Capricornia. Territoria. Darwinia.
Whatever its name, Australia’s newest state may be destined to unleash even more wackiness upon our political scene.
On Thursday, a meeting of federal and state leaders officially backed the Northern Territory’s bid to attain statehood by mid-2018.
Chief Minister Adam Giles said he was “very pleased” for his homeland to be promoted from “second-tier status” to the nation’s seventh state. His Liberal colleagues in Canberra were more cautious.
Prime Minister Tony Abbott was quick to discourage political expansion.
“What we certainly don’t want is to see a whole lot more politicians, but if it’s going to help the Territory for it to move status like this, well, let’s work towards it and try to make it happen,” he told reporters.
Treasurer Joe Hockey was straight-up sceptical, saying: “Haven’t we heard all this before?”
(We have indeed. The NT narrowly voted down the proposal 51.9 to 48.1 per cent in 1998.)
Their wariness is easily explained by the federal nightmare the NT’s statehood could trigger.
A northern state could gain up to 10 extra federal senators, up from its current two, potentially ushering in even more “mavericks” into the upper house.
“You’d have a chance of more mavericks, of course, because that’s the nature of the Northern Territory – you get more of them,” The University of Adelaide political expert Dr Jenny Stock said.
“The major parties might, in fact, find it harder to get their normal five [senators in each state].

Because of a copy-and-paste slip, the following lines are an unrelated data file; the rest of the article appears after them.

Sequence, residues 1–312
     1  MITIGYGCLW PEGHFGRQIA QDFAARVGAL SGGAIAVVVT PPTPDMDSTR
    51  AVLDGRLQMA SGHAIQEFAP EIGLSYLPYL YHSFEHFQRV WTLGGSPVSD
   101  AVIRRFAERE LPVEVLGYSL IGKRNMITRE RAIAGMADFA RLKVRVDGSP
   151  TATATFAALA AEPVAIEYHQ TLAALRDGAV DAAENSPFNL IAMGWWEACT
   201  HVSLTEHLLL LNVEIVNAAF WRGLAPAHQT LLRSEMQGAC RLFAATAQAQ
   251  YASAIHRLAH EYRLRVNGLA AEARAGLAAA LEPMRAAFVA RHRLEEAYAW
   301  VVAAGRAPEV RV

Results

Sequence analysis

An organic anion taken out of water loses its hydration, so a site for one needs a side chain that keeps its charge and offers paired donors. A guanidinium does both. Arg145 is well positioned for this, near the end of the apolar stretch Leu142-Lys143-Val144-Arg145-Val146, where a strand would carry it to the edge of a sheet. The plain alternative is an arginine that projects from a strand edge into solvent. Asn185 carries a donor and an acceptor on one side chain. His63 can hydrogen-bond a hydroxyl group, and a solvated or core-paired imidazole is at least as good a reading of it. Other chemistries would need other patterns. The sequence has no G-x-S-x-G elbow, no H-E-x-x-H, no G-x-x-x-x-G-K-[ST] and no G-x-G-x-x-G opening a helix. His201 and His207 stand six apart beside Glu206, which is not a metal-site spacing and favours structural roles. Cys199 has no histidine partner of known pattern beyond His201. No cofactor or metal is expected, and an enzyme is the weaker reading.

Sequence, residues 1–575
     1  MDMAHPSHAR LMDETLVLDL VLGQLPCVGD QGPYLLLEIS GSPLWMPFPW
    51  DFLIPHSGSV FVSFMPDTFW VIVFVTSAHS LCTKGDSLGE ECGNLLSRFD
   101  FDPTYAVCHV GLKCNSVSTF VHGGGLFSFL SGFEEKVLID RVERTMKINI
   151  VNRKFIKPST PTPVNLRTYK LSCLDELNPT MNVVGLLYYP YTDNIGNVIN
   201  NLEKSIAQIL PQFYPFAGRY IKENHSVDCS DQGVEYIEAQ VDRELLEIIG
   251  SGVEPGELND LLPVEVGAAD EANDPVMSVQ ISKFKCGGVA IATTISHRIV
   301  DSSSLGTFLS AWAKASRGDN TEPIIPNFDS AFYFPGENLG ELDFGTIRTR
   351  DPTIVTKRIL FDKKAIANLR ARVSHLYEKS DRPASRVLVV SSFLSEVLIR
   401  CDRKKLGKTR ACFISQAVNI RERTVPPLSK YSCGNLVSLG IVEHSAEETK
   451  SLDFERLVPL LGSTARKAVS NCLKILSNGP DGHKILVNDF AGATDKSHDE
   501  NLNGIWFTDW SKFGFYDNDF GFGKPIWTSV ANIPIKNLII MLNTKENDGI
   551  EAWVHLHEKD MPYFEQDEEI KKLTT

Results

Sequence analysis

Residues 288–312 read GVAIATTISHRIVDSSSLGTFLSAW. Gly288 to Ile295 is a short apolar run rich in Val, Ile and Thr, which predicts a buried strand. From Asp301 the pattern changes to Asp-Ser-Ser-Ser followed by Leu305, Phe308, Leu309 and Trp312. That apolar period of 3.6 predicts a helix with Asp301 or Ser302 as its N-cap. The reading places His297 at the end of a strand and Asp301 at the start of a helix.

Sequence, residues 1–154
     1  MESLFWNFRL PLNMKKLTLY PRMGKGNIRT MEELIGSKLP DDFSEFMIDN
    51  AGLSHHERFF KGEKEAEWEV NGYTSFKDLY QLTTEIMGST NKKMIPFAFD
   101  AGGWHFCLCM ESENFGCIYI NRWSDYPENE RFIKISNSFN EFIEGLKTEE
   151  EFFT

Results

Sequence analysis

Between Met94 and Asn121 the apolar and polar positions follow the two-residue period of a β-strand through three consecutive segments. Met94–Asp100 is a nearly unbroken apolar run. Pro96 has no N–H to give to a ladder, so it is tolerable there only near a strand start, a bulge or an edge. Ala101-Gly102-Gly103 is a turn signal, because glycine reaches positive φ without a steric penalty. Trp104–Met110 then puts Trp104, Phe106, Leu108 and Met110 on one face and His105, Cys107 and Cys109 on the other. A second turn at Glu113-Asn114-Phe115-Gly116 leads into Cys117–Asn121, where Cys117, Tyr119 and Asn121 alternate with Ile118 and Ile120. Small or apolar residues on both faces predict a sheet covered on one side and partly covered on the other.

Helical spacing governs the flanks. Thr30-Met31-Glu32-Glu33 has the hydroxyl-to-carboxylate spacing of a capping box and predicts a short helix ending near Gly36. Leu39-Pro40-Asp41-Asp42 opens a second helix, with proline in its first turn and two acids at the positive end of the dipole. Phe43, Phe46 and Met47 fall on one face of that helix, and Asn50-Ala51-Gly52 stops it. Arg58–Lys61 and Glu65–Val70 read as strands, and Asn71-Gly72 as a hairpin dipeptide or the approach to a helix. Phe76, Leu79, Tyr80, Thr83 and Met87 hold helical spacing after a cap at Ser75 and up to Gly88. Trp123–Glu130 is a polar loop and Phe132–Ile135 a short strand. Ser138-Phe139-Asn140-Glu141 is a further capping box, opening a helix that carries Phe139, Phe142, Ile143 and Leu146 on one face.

“I really can’t see what’s in it for the major parties.”
Constitutional law expert Professor John Williams said the possibility of extra senators is the “critical question”, speculating that the NT might be given an extra two, bringing its total to four.
“The Commonwealth can establish how many senators they get, and given that the original states have 12 and the territories currently have two, it’s got to be a number between those two,” The University of Adelaide Dean of Law said.
Minister for Indigenous Affairs Nigel Scullion said gaining more senators was “really not part of the debate”, though he did not rule out the eventuality if it had popular support.
“I don’t think Territorians want anymore politicians,” the NT Senator told Sky News on Thursday. “We simply want the same rights as a state as everyone else.”
University of Queensland political scientist Professor Clive Bean agreed that extra senators could be catastrophic for future governments.
“It would probably make it harder again for major parties who hold the numbers in the House of Representatives to ever attain a majority in the Senate,” Professor Bean told The New Daily.
Denying the North equal representation in the Senate would be “difficult,” he said.
“It’s difficult to see that being a viable thing to do and still say this is another state with full equality,” Professor Bean said.
It is noteworthy that Tasmania, the smallest state, has the full 12 senators, despite being a fraction of the size of New South Wales.
While it is likely the NT will hold another referendum, there is no legal requirement for it to do so. The federal parliament can simply vote to give it statehood.
Aside from possibly more politicians, a northern state would gain legislative independence. Currently, Canberra can override its laws whenever it wishes.
“It leaves the Northern Territory in a vulnerable position as compared to the states and subject to a much greater potential for federal interference,” University of New South Wales constitutional law expert Professor George Williams said.
The big question is not seats but whether the NT leaders will be able to carry the debate successfully, Professor Williams said.
“That does seem a real ask at the moment,” he said.
“This will be a major test to see whether they can hold a debate given they’ve obviously got their own problems there of a different kind.”